Year: 2020
    Funding: DFG SPP 2020, zweite Förderperiode
    Duration: 3 Jahre
  • Modelling and simulation of the joining zone during the tailored forming process
    In this project, micromechanically motivated thermo-chemo-mechanical material models are developed on a microscopic length scale and transformed to an effective macroscopic material model. In order to achieve a high mechanical strength of the hybrid solid component, these material models are used to evaluate the sensitivity of different process parameters after joining and during forming and heat treatment. Moreover, with aid of the the evaluation results the material behaviour of the joining zone can be accurately adjusted during the Tailored Forming process.
    Led by: F. Aldakheel, P. Wriggers
    Team: C. Böhm, F. Töller
    Year: 2019
    Funding: DFG im Rahmen des SFB 1153
  • Creep deformation of nickel based superalloys
    Modeling of nickel based superalloys on two scales using crystal plasticity and XFEM methods.
    Led by: P. Wriggers
    Team: L. Munk
    Year: 2018
  • Modelling the temperature development and crack propagation during sheet-bulk metal forming
    n metal forming processes a large amount of mechanical work is dissipated due to large plastic deformations. The accompanying temperature rise leads to thermal strains and a change in the material behaviour which can influence the mechanical behaviour during the forming process and the final shape of the part. For this reason it is important to consider temperature effects and heat conduction in the material modelling of the polycrystalline microstructure. The resulting thermomechanical problem exhibits a strong coupling since on the one hand through mechanical deformation heat sources are introduced and on the other hand material parameters may depend on the temperature and also large thermal strains can emerge. Experimentally the temperature influence can be analysed by performing experiments at IW, IFUM, LFT or IUL with material specimens at different temperatures. The results can be used to develop a thermomechanical material model for the microstructure. By using homogenization techniques the macroscopic effective material model developed in period 1 of the SFB/TR73 will be extended by temperature effects. Another critical effect occurring during the forming process is the initiation and propagation of microcracks. This effect will lead to a stiffness reduction or even to failure of the entire structure. Therefore it is essential to study the degradation mechanisms of the crystallographic microstructure. A nonlocal damage model will be used to induce microcracks. For propagating the crack existing models have to be extended to nonlinear anisotropic and inelastic materials. Especially a criterion has to be found when cracks collide with grain boundaries. For the case of stable crack growth with a statistical simulation series a representative volume element can be found. This is used to produce a micromechanically motivated stress strain relationship by a homogenization procedure. With this material response the effective material model of period 1 of the SFB/TR73 will be extended. Here it is important to capture the softening effects with a nonlocal damage model which is for example used and developed at the IUL. In a last step the two approaches will be combined for the construction of a material model capturing thermomechanical effects and cracks on the microstructural level.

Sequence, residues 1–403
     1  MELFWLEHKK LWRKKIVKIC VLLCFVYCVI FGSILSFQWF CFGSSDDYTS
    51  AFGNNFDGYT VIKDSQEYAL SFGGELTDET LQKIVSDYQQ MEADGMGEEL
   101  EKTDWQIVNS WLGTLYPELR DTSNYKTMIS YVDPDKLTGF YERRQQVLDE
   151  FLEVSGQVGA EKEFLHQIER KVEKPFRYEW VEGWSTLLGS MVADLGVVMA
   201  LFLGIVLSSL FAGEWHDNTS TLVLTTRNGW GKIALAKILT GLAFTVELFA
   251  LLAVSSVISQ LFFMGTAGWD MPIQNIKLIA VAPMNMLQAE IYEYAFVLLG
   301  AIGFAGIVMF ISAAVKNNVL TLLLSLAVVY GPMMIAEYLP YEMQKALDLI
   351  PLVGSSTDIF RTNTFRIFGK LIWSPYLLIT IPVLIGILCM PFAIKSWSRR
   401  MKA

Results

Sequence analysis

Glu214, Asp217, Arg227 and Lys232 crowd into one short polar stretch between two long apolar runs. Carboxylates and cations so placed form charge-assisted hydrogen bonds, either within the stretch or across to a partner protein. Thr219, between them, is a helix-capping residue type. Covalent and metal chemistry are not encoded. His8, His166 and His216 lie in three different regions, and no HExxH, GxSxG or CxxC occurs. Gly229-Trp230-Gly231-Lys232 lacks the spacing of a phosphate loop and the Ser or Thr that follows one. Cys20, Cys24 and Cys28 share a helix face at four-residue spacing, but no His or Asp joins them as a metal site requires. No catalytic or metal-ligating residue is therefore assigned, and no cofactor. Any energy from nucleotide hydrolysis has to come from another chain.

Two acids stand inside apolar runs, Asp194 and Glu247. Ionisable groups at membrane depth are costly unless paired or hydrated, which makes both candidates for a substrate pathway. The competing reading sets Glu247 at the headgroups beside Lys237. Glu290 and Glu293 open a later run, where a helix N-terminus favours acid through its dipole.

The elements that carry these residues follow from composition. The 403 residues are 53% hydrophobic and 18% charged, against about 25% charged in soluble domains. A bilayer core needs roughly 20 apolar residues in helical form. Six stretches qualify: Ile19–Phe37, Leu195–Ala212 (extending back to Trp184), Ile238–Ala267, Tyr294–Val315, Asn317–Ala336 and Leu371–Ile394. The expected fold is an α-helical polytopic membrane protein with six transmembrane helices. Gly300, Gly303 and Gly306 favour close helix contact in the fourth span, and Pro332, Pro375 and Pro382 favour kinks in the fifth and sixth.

Led by: S. Löhnert, P. Wriggers
    Team: S. Beese, S. Zeller
    Year: 2013